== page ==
A federal rule that requires drug companies to state the “list price” of prescriptions in television and streaming video ads would mislead consumers, because the “list price” often differs from the actual retail price, the Association of National Advertisers and three pharmaceutical companies argue in new court papers.
“Far from offering 'transparency' into drug pricing, the government-scripted statement that this rule demands is highly misleading,” the ANA, Merck, Eli Lilly and Amgen write in papers filed this week with the D.C. Circuit Court of Appeals. “A drug’s 'list price' is not, as viewers will likely infer from a consumer-focused advertisement, an actual or even suggested retail price.”
The groups are urging the appellate court to uphold a decision issued by U.S. District Court Judge Amit Mehta, who blocked the rule from going into effect.
The ANA and pharmaceutical companies sued over the mandate in June, arguing that the Department of Health and Human Services lacked authority to issue the rule, and that the disclosures would be misleading because the list price of drugs is higher than the out-of-pocket cost for many consumers.
Mehta sided against the administration, ruling that the agency had no authority to regulate the marketing of prescription drugs.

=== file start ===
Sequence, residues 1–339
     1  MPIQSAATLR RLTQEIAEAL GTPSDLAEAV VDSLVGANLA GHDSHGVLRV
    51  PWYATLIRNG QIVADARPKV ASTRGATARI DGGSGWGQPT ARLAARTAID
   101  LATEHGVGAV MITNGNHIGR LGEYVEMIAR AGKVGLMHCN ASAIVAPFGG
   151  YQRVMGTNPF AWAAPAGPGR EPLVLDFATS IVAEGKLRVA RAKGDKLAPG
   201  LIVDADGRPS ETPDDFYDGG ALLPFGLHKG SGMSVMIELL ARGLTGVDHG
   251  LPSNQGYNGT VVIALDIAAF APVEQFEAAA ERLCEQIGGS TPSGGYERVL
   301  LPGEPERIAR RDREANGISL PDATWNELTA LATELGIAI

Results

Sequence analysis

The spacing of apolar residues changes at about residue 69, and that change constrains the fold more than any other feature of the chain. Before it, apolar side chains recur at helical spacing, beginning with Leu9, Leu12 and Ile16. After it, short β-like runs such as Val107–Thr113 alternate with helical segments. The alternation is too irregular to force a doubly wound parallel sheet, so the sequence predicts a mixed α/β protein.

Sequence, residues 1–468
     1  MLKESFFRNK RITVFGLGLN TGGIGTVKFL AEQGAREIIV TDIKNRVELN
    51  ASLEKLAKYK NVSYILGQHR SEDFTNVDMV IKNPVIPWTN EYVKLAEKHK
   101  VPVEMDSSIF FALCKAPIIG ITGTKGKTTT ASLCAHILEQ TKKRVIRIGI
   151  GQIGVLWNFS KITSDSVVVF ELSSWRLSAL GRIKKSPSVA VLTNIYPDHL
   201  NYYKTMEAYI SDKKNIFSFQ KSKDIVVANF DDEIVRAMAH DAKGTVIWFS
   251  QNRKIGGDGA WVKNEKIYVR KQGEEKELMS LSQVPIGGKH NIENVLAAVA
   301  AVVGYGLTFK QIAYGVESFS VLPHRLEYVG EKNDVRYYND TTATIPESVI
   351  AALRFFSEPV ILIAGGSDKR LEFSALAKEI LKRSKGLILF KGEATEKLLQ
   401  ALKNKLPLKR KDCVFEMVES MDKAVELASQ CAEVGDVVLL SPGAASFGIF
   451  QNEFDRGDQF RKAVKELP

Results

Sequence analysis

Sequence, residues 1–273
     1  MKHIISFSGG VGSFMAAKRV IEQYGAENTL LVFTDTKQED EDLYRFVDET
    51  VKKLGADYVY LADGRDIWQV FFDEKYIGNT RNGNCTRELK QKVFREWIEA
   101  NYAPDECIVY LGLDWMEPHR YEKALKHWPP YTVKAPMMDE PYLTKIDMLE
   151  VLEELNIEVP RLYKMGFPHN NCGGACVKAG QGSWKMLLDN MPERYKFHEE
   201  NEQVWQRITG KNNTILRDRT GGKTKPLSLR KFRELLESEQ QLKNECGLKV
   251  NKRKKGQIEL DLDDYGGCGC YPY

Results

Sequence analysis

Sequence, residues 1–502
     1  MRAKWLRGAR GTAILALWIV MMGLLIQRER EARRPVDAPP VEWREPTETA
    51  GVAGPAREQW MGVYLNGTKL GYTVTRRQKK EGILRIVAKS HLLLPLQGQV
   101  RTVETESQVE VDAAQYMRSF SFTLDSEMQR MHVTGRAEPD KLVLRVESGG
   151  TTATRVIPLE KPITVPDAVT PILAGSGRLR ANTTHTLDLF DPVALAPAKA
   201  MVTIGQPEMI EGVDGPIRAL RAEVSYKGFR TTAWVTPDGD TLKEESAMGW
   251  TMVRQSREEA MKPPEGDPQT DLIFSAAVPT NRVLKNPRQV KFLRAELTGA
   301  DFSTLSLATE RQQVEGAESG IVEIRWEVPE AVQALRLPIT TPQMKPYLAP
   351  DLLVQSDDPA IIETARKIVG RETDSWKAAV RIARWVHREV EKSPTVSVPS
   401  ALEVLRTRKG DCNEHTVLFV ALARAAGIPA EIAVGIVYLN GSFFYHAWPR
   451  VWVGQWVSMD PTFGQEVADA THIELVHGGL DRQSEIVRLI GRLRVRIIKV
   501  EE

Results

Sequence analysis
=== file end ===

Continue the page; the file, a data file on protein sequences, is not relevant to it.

The White House is now appealing that decision, arguing that the mandate is justified by the government's authority to administer Medicare and Medicaid.
“HHS has statutory authority to regulate price information in [direct-to-consumer] pharmaceutical advertising because doing so is 'necessary' to the 'efficient administration' of the Medicare and Medicaid programs,” the government argues in an appeal filed earlier this year. “The rising cost of drugs is placing an increasingly serious financial burden on the federal government, as well as individual patients, and providing consumers with information about the cost of drugs has the potential to reduce that burden by supporting informed consumer choices and increasing competition.”
But the ANA and pharmaceutical companies write that rule amounts to “agency overreach, plain and simple.”
“This rule goes well beyond ... implementing facets of Medicare and Medicaid,” the ANA and others argue. “Instead, it directly regulates private actors’ marketing of their products to the American public, in the hope of reducing prices economy-wide.”
The ANA and pharmaceutical companies add that the rule violates the First Amendment by compelling the disclosure of misleading information.
They argue that the list price “vastly exceeds the out-of-pocket cost for the overwhelming majority of consumers,” given that the list price doesn't account for rebates, discounts or insurance coverage.
The AARP, a nonprofit for Americans over 50, sided with the Trump administration. The group argued in a friend-of-the-court brief that the rule would help shred the “cloak of secrecy” surrounding drug prices, which would enable people to “seek viable, cost-reducing solutions.”
Others, including the National Association of Broadcasters and NCTA -- The Internet & Television Association, have said they plan to weigh in with the ANA and drug companies.
The D.C. Circuit will hear arguments in the case on January 13.